British author Linda Gillard has seen a lot of success as a self-published author, having become dissatisfied with being pigeonholed by the traditional publishing industry. Some of her travails were covered in this article on her that appeared earlier this month in The Guardian’s series on independent authors.
I interviewed Linda last week and her answers were so interesting and in-depth that I’ve decided to publish them in several posts over the rest of the week.
Me: You have stated that you make a healthy number of ebook sales even though you don’t participate in social media. Do you ever worry that you could be selling more books if you were tweeting, blogging and posting?
Linda: I used to, but I don’t any more. I’m yet to see any evidence that Tweets sell books in any significant numbers. I was recently featured in the Guardian newspaper as a successful indie author, but despite a massive readership and multitudinous tweets and shares, the article had no impact on my sales. Tweeting can raise your profile and increase your book’s visibility, but my concern now is acquiring new readers.
Indies have discovered book promotion can take all the time you’re prepared to give it, but launching a new novel is the best thing I can do to stimulate backlist sales and bring myself to the attention of book buyers. My readers don’t want a new blog post from me, they want a new book. I think however successful (or unsuccessful) you are, the best and most lucrative use of your time is always going to be writing the next book. Once I’d come to that conclusion, I stopped worrying about how much I participate in social media.
The exception for me is Facebook where I have a lively author page with 800 followers. I enjoy interacting with readers there and the feedback I get is useful and fun. I also have a website, but apart from that, I just write books. I try to produce one a year. Having found your readers, it’s important to keep them supplied with new books. They are your best marketing tool.
Me: Genre seems to be a problem for traditional publishers who often take a marketing-by-numbers approach (whether through laziness or incompetence) and attempt to slot every book into a neat genre. As a successfully self-published author who mixes genres, can you turn the tables and throw some advice back at the so-called pros?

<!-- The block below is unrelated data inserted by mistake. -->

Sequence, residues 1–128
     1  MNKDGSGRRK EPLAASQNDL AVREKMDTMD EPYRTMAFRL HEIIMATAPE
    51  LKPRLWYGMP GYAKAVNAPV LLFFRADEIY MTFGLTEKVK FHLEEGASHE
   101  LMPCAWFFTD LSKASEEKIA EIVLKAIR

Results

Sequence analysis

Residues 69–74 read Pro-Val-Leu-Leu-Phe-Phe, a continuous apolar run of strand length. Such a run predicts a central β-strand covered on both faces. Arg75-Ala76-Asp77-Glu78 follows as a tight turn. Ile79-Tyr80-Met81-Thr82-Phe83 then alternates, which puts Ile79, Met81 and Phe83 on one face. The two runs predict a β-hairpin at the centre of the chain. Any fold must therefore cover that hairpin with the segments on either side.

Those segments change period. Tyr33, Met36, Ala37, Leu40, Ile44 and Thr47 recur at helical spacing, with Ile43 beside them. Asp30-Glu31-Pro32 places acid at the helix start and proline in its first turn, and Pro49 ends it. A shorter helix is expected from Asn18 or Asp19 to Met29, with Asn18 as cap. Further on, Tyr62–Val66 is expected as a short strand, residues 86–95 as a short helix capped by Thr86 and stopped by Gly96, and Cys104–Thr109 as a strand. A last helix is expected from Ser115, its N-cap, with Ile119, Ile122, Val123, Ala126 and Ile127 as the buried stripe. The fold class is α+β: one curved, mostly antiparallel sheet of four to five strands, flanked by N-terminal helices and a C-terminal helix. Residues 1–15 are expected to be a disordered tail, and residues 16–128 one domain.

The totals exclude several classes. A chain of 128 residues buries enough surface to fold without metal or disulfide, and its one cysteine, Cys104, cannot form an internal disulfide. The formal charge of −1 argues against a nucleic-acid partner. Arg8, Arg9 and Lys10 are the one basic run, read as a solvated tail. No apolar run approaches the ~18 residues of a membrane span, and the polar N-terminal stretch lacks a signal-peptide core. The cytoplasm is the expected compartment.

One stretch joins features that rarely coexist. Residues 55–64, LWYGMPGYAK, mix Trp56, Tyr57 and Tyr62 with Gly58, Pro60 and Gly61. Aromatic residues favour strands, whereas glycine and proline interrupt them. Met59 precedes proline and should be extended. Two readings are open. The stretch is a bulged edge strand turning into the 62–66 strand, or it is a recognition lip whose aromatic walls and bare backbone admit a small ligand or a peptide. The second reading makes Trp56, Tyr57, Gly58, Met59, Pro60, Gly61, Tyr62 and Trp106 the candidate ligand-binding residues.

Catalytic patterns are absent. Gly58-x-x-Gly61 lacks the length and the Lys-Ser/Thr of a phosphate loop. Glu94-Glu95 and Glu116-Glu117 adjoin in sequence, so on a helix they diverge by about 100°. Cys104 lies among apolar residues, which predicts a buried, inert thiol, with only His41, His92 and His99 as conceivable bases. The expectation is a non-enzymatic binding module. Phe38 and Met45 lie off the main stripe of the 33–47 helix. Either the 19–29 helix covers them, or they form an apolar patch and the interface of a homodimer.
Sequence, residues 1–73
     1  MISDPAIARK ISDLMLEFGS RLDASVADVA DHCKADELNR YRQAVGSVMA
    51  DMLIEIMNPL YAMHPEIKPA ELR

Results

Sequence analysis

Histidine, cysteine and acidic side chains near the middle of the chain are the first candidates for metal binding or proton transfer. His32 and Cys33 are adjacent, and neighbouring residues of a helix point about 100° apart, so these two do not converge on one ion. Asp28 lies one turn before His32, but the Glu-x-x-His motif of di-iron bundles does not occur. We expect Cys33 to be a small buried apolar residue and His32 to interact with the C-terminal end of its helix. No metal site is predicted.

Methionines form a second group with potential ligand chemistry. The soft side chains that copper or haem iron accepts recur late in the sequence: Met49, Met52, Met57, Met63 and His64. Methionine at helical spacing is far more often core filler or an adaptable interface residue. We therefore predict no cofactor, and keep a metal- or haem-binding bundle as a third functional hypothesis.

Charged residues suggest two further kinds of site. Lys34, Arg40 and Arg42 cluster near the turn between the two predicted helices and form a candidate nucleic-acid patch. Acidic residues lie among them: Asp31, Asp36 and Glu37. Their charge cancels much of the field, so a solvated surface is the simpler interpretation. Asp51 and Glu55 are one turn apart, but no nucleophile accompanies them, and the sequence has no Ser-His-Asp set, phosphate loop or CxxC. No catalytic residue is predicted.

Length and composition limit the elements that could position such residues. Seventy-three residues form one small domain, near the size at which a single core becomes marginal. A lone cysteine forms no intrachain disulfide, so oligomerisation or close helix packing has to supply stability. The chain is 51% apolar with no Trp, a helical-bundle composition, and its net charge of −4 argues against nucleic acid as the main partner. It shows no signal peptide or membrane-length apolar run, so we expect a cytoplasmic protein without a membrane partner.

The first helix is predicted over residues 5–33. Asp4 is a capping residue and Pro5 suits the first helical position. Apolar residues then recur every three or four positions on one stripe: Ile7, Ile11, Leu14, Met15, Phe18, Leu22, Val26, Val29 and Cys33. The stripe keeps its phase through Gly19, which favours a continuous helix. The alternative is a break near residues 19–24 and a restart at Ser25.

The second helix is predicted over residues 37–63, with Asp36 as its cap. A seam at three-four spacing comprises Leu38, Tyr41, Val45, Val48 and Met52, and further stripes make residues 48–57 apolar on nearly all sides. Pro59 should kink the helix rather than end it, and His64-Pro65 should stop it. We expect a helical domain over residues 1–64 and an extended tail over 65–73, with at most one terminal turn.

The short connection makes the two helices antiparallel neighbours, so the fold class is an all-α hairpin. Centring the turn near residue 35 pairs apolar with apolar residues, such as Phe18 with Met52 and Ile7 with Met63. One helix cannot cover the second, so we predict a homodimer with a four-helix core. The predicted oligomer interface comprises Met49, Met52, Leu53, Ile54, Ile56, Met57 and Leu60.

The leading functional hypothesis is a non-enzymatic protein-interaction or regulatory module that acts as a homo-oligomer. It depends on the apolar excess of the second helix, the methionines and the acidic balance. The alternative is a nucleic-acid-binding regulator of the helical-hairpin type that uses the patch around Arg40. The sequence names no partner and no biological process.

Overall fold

Linda: What do publishers know? The Time Traveller’s Wife was rejected 40 times before an independent publisher took a risk. It went on to sell seven million copies. In the UK publishers market to retailers, not readers and that’s where they’ve gone wrong. They underestimate the intelligence of the average reader and that reader’s willingness to experiment.
Readers want a good story and characters they can get involved with. Apart from that, they’re open-minded. I see no evidence in book forums, on blogs or in reviews that readers want authors to produce the same kind of book all the time or even a book that sticks to a single genre, yet this is what editors tell any author who wants to mix or change genres. “Readers get confused”, we’re told.
I think this is just an excuse to disguise the fact that publishers don’t really know how to market books except as yet another “stunning debut novel” or “the next Jodie Picoult/Lee Child/E. L. James.” It’s not marketing, it’s cloning.
I know it’s hard to market “a rattling good yarn”, but this is what readers are looking for. Readers want to fall in love with authors. That’s what readers are looking for now when they buy indie books: stories cheap enough to risk trying a new author who might be “the one”.
Publishers would do better to promote the author, not their latest book, build up a following, encourage brand loyalty. Readers don’t want to be disappointed by novels that fail to live up to the hype. They want the next good book from a favourite, reliable author. But how do you make that sexy?…
No one knows how to market quality, but that’s what readers want.